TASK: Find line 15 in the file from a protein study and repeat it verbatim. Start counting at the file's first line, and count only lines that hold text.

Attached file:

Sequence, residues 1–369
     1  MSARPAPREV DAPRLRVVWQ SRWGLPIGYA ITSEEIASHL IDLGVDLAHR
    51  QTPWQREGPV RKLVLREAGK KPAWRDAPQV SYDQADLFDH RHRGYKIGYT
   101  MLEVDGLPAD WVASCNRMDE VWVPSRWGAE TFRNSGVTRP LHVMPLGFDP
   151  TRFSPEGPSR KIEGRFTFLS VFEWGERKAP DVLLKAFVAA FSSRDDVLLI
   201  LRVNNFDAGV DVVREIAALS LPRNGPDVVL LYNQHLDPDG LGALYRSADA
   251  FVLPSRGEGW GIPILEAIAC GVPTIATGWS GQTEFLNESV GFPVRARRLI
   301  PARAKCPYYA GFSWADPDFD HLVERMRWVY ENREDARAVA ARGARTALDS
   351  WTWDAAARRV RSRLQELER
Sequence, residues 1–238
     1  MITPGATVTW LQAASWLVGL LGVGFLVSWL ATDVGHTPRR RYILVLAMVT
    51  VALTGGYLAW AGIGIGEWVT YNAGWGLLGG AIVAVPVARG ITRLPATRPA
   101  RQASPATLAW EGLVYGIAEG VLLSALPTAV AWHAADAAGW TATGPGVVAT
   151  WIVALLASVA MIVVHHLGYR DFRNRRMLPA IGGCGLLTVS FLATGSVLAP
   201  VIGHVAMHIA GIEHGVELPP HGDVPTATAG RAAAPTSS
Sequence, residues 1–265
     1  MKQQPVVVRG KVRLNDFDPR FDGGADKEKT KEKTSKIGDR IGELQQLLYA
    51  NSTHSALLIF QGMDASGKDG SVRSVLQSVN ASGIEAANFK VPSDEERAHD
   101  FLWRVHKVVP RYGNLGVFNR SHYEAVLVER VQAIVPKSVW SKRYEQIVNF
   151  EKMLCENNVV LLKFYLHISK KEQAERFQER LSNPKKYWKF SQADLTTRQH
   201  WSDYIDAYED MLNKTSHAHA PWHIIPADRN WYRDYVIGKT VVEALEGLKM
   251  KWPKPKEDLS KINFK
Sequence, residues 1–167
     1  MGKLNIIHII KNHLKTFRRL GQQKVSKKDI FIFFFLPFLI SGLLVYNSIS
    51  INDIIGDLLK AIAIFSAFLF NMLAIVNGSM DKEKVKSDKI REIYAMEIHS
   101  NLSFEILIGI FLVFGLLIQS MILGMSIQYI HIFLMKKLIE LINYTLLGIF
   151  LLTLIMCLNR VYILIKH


   201  VIGHVAMHIA GIEHGVELPP HGDVPTATAG RAAAPTSS